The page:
Gratitude in Recovery

Gratitude is Key in Addiction Recovery

Rainbow over mountain highlands, Chiriqui, Panama - gratitude in recovery

Some people say the A.A. should stand for Attitude Adjustment, and that is exactly what has to happen if a person has any chance at all at staying healthy in recovery or sober for any length of time.

Here are some tips for gratitude in recovery to help you foster an “attitude of gratitude”:

Make a gratitude list

We suggest leaving the keyboard, and writing this out the old-fashioned way with pen and paper. If you are having trouble coming up with things you are grateful for, think about some really big things like breathing, eating, eyesight, friends and so on. Even if you don’t really feel grateful, write them down anyway, and in the process, you may find your attitude adjusting.

Drop blame

Remember, if you are pointing your finger at someone else, you have three fingers pointing back at you. It is difficult to feel grateful if you are a victim. When you are able to own your own part in any life situation, then you have an opportunity to make changes. Accountability and ownership creates gratitude.

Gratitude is an action word

If you are feeling grateful, do something about it. If you are grateful for your sobriety, then go to a meeting and help set up chairs. If you aren’t really feeling grateful, but you do the action anyway, your attitude will likely shift to gratitude.

Shift focus from negative to positive

This is easier said than done if you have a lifetime of seeing only the negative, but it can be done with conscious effort. Here is an example: if the man in front of you buys the last muffin that you wanted at the cafe – shift from disappointment or anger to being grateful that you will not starve to death in Canada, that you are in a warm cafe, that you have money in your pocket for coffee, that there are still oatmeal cookies left. Challenge yourself and your old thinking on the spot – what is good about this?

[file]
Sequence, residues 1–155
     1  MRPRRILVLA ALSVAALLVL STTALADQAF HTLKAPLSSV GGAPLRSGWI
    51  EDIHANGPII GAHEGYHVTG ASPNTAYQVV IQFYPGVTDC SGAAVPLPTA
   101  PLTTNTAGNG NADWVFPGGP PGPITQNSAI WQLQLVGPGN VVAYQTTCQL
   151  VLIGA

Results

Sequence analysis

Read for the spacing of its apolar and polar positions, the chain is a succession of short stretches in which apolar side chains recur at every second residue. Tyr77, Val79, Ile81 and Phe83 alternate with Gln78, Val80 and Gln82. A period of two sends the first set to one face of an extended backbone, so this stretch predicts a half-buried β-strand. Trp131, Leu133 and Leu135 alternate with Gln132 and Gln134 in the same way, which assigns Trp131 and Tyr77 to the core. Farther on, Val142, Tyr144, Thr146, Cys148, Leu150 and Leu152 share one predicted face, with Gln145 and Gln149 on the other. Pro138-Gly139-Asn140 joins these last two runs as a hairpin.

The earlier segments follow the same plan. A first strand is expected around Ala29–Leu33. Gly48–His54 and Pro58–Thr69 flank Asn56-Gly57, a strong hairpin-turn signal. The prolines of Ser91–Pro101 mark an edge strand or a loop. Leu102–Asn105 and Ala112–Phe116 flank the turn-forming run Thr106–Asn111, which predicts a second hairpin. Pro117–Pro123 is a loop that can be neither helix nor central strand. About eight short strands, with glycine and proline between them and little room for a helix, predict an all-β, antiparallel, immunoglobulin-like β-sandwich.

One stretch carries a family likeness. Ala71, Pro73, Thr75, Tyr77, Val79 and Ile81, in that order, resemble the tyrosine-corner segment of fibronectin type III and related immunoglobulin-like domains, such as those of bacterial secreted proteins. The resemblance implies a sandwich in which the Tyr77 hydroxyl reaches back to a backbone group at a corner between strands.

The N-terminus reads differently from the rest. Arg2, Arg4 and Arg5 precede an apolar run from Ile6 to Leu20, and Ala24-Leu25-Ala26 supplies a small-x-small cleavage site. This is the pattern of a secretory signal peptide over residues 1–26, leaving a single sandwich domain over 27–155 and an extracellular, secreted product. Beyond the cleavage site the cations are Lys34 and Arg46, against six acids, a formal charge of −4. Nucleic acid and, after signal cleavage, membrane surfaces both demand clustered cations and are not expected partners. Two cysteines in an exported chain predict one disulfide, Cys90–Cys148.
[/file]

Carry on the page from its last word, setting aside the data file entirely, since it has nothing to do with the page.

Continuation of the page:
Give thanks for gratitude in recovery

Whatever you are grateful about, give thanks. Look for reasons to give thanks. Did someone let you in to traffic, hold open a door, make you dinner, not charge you interest or give you a big hug when you needed it? Tell them ‘Thanks’. And throughout the day, recognize where all of the good things in your life are coming from – your higher power. Let Him/Her/It or Them know how you feel. And if you’re not feeling grateful, let your higher power know that you are grateful for the opportunity to know that you don’t feel grateful.

Observe healthy role models

Watch for healthy expressions and attitudes of acceptance and gratitude in recovery. In twelve step meetings, watch for these behaviors and attitudes of people you admire; those that have a way of living life you admire and would like to have what they have. Talk to your sponsor and seek guidance.

Regularly talk about what you are grateful for with these people. Before you know it, you will start experiencing life as the proverbial ‘glass half full’. Every life experience becomes an opportunity to witness gratitude. Gratitude for ‘what is’, as opposed to the old way of only being grateful for ‘what I want / like / approve of’.

At Serenity Vista, one of the best role models of unconditional acceptance and gratitude is Ceiba, our loving chocolate labrador retriever dog. Ceiba is a great role model. If you have a pet dog, or have contact with one, watch closely. Not an ounce of arrogance or resentment. Living in the moment, grateful for whatever life presents. Thanks be to God for such amazing role modeling!

Ceiba is Serenity Vista's chocolate labrador retriever canine therapist

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